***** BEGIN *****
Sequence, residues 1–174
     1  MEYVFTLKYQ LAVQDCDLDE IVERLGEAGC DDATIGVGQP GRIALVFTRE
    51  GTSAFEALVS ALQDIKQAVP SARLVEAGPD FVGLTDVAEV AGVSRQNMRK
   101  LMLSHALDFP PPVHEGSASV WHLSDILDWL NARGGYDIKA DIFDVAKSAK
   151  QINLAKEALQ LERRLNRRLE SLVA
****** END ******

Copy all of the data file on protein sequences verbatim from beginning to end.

Sequence, residues 1–174
     1  MEYVFTLKYQ LAVQDCDLDE IVERLGEAGC DDATIGVGQP GRIALVFTRE
    51  GTSAFEALVS ALQDIKQAVP SARLVEAGPD FVGLTDVAEV AGVSRQNMRK
   101  LMLSHALDFP PPVHEGSASV WHLSDILDWL NARGGYDIKA DIFDVAKSAK
   151  QINLAKEALQ LERRLNRRLE SLVA